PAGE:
“And then the other leg tried to catch all the weight and she just busted into a heap.”

“Too bad. What are you drinking anyway?”

Julie Travis

The Ferocious Night

“La mort, c’est le commencement de quelque chose.”
(“Death is the beginning of something.”)—Edith Piaf

The end: when had it begun?

In Geoff’s opinion it had started with the body they’d found washed up on the beach. He was mistaken—a story, a final chapter, does not begin from nowhere, in the fiftieth year of a man’s life; it simply continues—but he was convinced that had they not found the body, he would still be alive.

The storms had thrown a multitude of items onto the beach; piles of seaweed, sections of fishing nets, driftwood, a scattering of stones, many of them big enough to cause injury should a person be struck by one. They were not unusual, but this time the sea had cast up something else. It was not immediately identifiable, just a light coloured shape on the sand. As they approached it, two crows hopped into sight, pecking at whatever it was. It was then that Geoff suspected it was a body. Ever the protective father, he warned Lillian to stay away, but ever the headstrong daughter, she ignored him.

They studied the body.

“What is it?” asked Lillian.

It was a white mass, tapered at one end, about three feet in length. Geoff guessed that its girth was almost as much. It was covered in thick, white fur. The underside was shaggy and dotted with sand. Geoff was almost tempted to stroke it. The top was different. The fur here was unattractive; assimilating, it seemed, with the white stickiness underneath.

Where to buy: 10% off with this code: HDCYF4CR at this online store; Amazon, eligible for Free Shipping; Kindle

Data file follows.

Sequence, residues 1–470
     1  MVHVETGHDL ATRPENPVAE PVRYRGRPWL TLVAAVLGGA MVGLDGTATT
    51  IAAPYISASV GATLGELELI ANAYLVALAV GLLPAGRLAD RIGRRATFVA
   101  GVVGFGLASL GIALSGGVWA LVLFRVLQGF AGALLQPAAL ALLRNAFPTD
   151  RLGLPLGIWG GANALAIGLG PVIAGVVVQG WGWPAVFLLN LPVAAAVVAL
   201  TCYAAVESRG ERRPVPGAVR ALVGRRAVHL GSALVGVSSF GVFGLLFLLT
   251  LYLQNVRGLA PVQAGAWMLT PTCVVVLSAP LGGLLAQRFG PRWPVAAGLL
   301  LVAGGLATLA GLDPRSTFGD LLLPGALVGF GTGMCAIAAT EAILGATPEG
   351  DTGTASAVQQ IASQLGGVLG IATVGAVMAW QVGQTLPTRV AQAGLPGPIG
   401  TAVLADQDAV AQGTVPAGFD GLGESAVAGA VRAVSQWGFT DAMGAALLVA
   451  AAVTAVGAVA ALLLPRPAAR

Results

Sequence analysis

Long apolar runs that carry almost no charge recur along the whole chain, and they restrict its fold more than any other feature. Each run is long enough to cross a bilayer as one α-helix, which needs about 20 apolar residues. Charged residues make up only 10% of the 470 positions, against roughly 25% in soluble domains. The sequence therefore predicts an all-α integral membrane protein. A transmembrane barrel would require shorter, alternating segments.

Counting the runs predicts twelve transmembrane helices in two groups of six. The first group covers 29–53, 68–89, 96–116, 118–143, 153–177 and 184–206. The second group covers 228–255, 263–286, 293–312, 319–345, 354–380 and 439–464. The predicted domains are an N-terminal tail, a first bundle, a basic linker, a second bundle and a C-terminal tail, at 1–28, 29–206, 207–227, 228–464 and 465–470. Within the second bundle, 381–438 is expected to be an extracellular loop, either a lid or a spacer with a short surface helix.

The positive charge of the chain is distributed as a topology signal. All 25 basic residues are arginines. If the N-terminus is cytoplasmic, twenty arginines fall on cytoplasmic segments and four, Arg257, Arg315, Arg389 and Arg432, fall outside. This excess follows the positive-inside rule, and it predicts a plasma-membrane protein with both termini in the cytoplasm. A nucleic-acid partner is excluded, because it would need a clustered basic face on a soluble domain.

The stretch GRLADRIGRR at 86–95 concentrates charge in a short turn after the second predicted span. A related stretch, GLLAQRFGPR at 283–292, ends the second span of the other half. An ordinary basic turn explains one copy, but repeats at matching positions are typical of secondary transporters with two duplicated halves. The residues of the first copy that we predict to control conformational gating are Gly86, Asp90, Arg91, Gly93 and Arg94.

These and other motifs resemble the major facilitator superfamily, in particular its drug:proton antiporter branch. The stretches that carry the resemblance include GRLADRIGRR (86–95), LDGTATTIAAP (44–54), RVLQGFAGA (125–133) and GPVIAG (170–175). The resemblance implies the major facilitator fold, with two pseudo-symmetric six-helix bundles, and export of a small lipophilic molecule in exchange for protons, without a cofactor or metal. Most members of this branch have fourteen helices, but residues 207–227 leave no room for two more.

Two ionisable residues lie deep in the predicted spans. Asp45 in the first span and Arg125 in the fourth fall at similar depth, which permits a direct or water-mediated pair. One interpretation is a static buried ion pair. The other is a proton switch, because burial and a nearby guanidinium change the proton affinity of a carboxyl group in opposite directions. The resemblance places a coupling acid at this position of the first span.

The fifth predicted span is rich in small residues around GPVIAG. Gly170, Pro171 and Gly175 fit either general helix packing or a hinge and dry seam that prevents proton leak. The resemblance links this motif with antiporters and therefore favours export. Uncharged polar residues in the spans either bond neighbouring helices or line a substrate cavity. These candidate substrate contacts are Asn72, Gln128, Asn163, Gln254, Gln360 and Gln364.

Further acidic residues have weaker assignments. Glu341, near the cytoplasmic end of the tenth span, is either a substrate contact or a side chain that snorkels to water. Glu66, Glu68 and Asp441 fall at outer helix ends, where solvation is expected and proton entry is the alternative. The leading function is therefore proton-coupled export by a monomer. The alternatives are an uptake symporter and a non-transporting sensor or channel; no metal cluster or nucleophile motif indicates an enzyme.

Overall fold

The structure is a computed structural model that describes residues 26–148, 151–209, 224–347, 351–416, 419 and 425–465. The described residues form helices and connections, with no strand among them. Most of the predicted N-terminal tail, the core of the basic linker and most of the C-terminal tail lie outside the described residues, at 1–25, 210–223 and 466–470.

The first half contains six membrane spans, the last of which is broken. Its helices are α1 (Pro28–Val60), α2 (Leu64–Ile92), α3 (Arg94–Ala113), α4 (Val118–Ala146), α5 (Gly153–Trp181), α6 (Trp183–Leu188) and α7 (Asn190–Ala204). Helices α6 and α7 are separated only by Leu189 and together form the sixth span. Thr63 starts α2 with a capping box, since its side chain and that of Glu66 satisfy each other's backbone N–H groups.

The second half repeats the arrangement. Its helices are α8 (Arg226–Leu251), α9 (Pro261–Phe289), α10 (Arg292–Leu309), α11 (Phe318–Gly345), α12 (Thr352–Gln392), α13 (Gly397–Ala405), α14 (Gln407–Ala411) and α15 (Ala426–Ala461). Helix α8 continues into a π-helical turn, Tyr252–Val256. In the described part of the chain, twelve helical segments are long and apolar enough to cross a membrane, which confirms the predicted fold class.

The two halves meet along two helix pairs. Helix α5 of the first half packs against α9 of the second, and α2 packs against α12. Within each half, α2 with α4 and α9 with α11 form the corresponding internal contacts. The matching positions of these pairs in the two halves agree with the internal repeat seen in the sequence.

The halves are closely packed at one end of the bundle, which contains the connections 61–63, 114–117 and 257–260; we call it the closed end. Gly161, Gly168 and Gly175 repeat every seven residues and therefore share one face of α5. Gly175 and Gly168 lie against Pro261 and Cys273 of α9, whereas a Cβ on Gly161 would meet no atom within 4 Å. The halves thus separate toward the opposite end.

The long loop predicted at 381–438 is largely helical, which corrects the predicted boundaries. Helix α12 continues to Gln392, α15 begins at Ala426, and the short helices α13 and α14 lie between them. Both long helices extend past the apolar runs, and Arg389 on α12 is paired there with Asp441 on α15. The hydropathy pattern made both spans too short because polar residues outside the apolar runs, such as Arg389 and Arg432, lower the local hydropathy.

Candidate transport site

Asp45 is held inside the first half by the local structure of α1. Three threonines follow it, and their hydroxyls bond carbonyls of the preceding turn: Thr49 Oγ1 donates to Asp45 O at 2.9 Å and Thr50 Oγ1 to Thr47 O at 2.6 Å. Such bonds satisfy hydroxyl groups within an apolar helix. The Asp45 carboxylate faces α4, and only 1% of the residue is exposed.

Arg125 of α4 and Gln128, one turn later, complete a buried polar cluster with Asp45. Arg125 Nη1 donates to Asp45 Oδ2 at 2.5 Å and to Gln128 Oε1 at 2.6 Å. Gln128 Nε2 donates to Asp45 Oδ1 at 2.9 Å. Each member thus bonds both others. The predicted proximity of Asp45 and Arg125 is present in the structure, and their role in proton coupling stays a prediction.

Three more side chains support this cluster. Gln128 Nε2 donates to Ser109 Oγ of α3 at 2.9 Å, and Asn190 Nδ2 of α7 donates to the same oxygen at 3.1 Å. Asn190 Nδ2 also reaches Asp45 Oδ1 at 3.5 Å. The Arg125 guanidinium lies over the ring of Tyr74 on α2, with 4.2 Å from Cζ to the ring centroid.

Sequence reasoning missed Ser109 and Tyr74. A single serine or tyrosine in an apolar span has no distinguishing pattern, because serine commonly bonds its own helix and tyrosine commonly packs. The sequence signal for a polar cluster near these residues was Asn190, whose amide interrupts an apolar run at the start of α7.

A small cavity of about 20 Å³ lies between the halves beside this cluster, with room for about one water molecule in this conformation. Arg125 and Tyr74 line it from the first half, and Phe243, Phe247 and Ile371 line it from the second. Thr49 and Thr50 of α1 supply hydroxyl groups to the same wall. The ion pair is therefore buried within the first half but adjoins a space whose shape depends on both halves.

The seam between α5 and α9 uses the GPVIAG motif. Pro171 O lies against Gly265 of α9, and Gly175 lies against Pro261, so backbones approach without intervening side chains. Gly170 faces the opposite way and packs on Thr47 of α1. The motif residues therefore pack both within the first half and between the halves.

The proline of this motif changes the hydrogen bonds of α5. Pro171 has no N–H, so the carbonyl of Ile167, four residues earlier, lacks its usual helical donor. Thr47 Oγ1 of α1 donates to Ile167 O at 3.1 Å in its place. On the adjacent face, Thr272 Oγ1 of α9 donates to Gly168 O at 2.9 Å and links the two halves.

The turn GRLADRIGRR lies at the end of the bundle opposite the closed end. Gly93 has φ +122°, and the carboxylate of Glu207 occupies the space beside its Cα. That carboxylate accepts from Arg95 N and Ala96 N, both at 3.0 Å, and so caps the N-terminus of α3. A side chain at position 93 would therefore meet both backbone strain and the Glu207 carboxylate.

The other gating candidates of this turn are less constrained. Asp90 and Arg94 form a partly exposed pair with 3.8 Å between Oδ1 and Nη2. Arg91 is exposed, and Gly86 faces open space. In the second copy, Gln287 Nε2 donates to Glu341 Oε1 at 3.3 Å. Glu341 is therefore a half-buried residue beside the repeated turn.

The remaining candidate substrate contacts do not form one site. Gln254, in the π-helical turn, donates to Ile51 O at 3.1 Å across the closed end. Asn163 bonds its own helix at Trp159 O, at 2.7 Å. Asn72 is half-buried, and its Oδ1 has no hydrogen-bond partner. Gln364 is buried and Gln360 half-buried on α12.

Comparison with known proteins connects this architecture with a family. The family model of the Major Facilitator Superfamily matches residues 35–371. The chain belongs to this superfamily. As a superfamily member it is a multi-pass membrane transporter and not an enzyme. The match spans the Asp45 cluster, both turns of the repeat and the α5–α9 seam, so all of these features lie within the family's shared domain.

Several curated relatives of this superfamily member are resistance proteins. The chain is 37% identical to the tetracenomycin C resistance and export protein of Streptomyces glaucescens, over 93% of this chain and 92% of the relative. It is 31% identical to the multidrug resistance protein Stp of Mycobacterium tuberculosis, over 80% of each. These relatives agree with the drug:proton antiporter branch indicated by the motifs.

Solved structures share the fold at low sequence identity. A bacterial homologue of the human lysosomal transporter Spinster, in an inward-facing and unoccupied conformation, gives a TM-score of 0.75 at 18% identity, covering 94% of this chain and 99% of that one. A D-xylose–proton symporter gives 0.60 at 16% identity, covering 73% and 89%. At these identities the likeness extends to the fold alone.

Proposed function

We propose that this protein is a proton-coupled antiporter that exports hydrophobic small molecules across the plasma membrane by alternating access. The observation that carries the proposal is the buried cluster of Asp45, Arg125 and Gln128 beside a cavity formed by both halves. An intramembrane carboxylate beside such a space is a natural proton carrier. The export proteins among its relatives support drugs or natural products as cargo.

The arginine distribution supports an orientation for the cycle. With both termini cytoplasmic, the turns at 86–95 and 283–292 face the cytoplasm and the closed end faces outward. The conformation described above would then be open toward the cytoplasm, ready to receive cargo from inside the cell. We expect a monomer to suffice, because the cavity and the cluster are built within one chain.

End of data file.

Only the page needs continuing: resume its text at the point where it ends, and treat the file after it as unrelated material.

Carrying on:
Thank you!

The Wapshott Press would like to thank Ann Seimens and Sam Labutis for their support of this issue.

“Death Among the Marshes” (SL 10) review

“The detective with a notebook is a commonplace in murder mysteries, and Death Among the Marshes pays homage to this trope, not once but twice – the investigating police detective brings one out, as does Billy Watkins, the manservant of the main protagonist Frederick Babington. Set in the early twenties, this clever novella also gives specific mentions both to the Sherlock Holmes stories and to the first of the Poirot mysteries by Agatha Christie, The Mysterious Affair at Styles (1920). Set in the fictional Norfolk pile of Marsh Hall, seat of Viscount Marshbourne, by the village of Marshbanks, Death Among the Marshes is Kathryn Ramage’s way of having fun with the country house mystery genre while also acknowledging that living in the aftermath of the Great War was no less difficult for many returning soldiers than surviving the actual conflict.”
A tortured but decent sleuth, by Calmgrove, March 3, 2014

And check out his other reviews of Kathryn L. Ramage’s fantasy novels:

Maiden in Light

The Wizard’s Son

Storylandia 10 is now on Sale! Death Among the Marshes, a murder mystery set in the Twenties, by Kathryn L. Ramage

Where to buy: 10% discount code: HDCYF4CR at this online store; eligible for Free Shipping at Amazon; and Kindle.

Storylandia 10 – Death Among The Marshes, by Kathyrn L. Ramage

Chapter 1 Sampler

Cover “Misty” by Eleanor Leonne Bennett

Storylandia, The Wapshott Journal of Fiction, Issue 10. The novella “Death Among the Marshes,” a murder mystery set in the Twenties by Kathryn L. Ramage.

Excerpt:

Death Among the Marshes
A Murder Mystery Set in the Twenties

The Great War had made many boys into old men, but in spite of all he’d suffered, Frederick Babington still looked surprisingly youthful for his 26 years. He was a pale, intense, and solemn young man—more pale, Billy thought, since he’d been wounded so terribly. At least he no longer limped and the burn scars on the small and ring fingers of his left hand were now only puckered reddish skin. His dark hair had been cropped short during his last stay in a private nursing home over the winter past, but it was growing out again and beginning to curl just as it used to.

Billy watched as one loose curl fell forward over Freddie’s brow as he returned his attention to the book he’d been reading before the interruption, a newly published mystery novel titled Whose Body? When Freddie lifted his eyes from the page a moment later, Billy pretended an interest in the book.

“What’s that one about?”
Continue reading